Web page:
The child protection and criminal justice systems run deep in Victoria’s foundations with historic injustices from colonial times resembling those experienced today. In their efforts to colonise and force the assimilation of our people, our children were removed and police/colonial justice systems served to criminalise and imprison as well as legitimise the violence mob faced. Today our children continue to be removed at alarming rates and there have been over 500 deaths in custody across the country since the Royal Commission into Aboriginal Deaths in Custody.

These historic injustices rooted themselves into the foundation of this country and continue today.

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Yoorrook for Justice Key Facts. Source Yoorrook for Justice pp. 24-25.

The Findings: Child Protection System

‘Part D’ provides an overview of the child protection system and the evidence heard and the way forward for the following categories:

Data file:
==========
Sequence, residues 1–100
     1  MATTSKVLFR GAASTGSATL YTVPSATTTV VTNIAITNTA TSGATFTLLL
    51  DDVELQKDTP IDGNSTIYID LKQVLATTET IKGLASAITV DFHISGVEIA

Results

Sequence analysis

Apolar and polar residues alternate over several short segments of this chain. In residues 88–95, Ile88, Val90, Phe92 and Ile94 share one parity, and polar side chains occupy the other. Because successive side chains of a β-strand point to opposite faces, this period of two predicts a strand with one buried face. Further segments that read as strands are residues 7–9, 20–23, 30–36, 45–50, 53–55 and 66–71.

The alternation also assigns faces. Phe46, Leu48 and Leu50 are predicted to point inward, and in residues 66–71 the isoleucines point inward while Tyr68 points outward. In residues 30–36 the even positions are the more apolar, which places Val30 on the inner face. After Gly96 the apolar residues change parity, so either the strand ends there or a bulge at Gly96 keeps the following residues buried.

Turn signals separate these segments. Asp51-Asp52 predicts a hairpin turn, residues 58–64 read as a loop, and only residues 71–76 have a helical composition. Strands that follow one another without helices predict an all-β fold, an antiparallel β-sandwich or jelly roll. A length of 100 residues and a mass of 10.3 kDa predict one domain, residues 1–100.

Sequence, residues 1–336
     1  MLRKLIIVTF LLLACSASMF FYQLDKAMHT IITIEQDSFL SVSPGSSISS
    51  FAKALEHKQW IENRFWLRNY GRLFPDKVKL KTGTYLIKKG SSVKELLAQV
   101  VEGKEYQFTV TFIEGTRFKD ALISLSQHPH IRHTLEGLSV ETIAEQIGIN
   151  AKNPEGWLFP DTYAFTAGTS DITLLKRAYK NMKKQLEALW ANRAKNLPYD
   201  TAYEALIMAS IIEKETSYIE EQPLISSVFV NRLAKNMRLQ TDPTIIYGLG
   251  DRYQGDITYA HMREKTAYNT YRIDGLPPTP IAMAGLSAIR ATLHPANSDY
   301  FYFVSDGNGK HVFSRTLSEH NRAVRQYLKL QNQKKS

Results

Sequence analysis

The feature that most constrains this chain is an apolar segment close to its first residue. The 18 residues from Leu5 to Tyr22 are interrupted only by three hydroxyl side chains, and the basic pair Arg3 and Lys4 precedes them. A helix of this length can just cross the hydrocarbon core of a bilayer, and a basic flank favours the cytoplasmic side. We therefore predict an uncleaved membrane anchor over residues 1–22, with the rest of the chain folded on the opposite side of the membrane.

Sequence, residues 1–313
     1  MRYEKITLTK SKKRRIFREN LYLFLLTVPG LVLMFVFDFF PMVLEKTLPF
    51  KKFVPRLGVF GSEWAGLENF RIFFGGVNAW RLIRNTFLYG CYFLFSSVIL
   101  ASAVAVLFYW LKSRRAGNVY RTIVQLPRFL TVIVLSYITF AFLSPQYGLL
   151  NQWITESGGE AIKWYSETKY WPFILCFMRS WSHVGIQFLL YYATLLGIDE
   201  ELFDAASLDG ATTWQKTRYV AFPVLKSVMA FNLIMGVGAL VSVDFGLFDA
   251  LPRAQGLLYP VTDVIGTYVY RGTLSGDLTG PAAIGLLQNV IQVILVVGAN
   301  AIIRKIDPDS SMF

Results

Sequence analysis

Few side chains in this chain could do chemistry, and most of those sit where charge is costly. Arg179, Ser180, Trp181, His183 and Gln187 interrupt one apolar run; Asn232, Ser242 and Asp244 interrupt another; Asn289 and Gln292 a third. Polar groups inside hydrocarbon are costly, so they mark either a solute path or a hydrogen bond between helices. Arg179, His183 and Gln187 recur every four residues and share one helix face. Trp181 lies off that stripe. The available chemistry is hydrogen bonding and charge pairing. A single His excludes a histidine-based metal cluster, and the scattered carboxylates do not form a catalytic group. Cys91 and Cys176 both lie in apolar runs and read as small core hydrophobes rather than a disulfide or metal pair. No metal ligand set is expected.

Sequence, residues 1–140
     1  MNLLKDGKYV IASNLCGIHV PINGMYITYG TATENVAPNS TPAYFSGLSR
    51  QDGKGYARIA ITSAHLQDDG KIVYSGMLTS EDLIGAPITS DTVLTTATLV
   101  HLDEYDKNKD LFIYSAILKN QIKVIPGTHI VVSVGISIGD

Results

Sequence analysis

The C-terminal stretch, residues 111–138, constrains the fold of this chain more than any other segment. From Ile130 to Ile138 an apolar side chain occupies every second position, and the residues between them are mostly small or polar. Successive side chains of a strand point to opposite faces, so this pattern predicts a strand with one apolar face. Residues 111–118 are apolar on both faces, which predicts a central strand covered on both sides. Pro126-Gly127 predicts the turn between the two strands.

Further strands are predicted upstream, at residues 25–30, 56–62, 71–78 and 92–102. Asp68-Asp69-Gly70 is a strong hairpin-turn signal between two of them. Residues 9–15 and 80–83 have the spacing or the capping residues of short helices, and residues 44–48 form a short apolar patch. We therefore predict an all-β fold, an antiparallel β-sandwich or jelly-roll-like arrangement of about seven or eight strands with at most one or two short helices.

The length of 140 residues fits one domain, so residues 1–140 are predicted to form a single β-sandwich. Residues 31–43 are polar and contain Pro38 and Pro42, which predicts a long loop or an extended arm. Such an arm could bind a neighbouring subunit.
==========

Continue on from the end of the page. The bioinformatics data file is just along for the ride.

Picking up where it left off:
• Early help, prevention and intervention.
  • Child removal.
  • Out of home care
  • Permanency and family reunification.

The trauma of not only the current child protection system but also that of the historical system continue to have a large impact on Aboriginal and Torres Strait Islander families and communities. There is a strong link between child removal practices of the past and those our community experience today. The Aboriginal Protection Act 1869 (Vic) made Victoria the first colony to establish an act that allowed the government to have total regulation over the lives of Aboriginal people, particularly through the re-established Central Board for the Protection of Aborigines. The Board was able to dictate who Aboriginal people could marry, where they could work and live, and when they could go into the local town. Amendments were made in the following years, often referred to as the Half-Caste Act which led to the removal of Aboriginal children and the Stolen Generation